Airbus stepped up warnings of compulsory lay-offs as air travel fails to recover as expected from the coronavirus crisis, putting itself on a potential collision course with unions and the French government.
The warning in a letter to 130 000 staff from Chief Executive Guillaume Faury, seen by Reuters, marks a more pessimistic tone from the planemaker, which previously said only it could not rule out compulsory measures.
“I owe it to you to be transparent: it’s unlikely voluntary departures will be enough,” Faury wrote in the letter distributed last Friday.
Unions and the French government urge the Toulouse-based planemaker to avoid compulsory lay-offs as it sheds up to 15 000 posts to cope with plummeting travel demand.
Airbus repeatedly warned the outlook is uncertain as the industry’s worst crisis hits aircraft deliveries and weakens airline finances.
A disappointing rise in summer air travel in the northern hemisphere cast a fresh pall over the company’s biggest ever restructuring plans.
“Unfortunately, recovery in airline traffic over the summer period has not been at the level the industry was counting on,” Faury wrote.
“We must now prepare for a crisis probably even deeper and longer than previous scenarios suggested”.
The organisation representing most world airlines, the International Air Transport Association (IATA), said last week air traffic failed to recover as quickly as expected during July, a key part of the peak season for airline revenues.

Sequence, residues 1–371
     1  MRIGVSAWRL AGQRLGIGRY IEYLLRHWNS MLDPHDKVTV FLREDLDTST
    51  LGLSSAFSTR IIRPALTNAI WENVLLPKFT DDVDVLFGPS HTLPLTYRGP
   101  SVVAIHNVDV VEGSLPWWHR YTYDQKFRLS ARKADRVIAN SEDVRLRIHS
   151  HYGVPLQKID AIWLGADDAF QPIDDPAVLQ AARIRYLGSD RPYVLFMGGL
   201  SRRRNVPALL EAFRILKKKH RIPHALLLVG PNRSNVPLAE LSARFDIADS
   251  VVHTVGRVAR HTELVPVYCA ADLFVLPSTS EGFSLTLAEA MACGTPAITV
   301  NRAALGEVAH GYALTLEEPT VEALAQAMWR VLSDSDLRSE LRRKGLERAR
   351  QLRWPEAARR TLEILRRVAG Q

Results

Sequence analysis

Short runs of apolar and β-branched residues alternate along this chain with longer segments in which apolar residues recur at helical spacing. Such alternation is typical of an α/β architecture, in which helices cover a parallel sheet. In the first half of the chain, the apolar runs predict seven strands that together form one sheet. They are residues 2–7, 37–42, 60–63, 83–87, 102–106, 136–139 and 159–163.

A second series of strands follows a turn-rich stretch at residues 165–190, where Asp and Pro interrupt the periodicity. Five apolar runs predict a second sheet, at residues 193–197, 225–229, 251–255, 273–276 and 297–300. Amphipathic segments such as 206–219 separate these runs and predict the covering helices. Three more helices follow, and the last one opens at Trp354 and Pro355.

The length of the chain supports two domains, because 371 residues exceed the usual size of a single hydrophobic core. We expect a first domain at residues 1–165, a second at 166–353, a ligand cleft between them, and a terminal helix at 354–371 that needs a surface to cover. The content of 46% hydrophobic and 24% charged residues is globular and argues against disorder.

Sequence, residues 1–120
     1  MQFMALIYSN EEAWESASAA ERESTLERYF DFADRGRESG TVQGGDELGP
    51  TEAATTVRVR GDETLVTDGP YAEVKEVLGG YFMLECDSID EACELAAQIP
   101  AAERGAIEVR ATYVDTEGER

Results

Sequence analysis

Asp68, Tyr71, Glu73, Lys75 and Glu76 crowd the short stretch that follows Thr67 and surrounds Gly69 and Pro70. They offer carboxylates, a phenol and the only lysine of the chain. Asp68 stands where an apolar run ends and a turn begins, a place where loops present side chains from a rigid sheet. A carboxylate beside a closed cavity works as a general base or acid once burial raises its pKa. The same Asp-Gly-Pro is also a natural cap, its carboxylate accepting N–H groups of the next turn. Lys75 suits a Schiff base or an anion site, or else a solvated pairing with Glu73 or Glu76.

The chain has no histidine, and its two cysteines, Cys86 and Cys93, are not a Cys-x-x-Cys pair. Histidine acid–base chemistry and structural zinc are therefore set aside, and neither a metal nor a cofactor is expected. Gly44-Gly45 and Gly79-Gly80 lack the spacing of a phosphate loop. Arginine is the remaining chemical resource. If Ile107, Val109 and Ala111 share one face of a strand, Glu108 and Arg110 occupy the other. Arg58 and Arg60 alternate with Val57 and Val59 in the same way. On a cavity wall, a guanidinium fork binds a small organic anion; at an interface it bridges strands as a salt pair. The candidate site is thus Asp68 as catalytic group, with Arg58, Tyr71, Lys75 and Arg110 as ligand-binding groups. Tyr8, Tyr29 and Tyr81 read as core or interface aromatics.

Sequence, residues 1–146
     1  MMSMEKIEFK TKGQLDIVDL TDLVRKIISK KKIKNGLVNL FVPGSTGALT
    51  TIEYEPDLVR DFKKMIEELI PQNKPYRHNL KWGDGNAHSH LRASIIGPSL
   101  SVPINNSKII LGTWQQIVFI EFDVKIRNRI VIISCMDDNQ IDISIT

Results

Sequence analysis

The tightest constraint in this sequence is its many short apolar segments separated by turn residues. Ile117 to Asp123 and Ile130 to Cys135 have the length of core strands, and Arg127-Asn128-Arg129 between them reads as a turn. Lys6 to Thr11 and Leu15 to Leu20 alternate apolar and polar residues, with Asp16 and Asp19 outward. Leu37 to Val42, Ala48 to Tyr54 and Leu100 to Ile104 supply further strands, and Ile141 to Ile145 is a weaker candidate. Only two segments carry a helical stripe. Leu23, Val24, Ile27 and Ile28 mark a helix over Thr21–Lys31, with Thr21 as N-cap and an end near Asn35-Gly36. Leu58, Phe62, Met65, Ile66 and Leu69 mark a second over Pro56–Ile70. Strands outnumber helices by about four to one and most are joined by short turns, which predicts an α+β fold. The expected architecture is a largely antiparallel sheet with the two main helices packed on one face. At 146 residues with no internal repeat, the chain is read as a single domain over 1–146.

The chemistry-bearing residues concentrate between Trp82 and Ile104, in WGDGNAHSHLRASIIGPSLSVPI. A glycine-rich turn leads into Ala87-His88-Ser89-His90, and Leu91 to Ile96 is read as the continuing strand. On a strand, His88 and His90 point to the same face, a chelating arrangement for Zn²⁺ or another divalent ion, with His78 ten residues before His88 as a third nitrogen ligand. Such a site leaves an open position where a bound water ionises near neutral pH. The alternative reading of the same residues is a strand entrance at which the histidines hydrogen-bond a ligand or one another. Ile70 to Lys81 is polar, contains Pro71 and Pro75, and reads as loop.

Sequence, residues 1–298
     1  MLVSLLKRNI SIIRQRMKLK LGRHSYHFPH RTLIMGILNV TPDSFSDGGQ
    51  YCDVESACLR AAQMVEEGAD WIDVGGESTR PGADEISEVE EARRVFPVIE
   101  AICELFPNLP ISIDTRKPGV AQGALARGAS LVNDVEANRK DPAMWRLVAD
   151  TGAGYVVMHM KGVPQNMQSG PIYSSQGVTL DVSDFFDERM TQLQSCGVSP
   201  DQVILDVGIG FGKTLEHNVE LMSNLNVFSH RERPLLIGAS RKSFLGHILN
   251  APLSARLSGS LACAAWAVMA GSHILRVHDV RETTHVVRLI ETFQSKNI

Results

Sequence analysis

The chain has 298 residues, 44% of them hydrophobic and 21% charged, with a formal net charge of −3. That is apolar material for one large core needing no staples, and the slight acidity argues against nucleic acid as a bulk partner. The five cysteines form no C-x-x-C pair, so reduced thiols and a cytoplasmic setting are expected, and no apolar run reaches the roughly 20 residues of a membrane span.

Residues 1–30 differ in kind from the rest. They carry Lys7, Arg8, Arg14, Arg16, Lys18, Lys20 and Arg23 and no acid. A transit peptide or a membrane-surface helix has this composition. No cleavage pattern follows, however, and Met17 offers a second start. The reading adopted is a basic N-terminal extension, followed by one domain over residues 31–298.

July traffic was down 80% compared with the same month of 2019, compared with a 94% drop at the low point in April.
IATA says inconsistent border rules are hampering recovery, making it difficult for airlines to plan ahead.
Airbus reported solid deliveries for August, but industry sources say many aircraft are going straight into storage.
An Airbus spokesman confirmed Faury issued a “general business update” to staff.
“This is part of constant dialogue between Airbus top management and employees, crucial in these challenging times to ensure transparency and share information with our global workforce,” the spokesman said by email.
An official with France’s CGT union accused Airbus of stoking up staff anxieties ahead of further labour negotiations starting in one week.
Airbus has so far launched an internal call for voluntary departures and early retirements, in a scheme expected to run until the end of the year.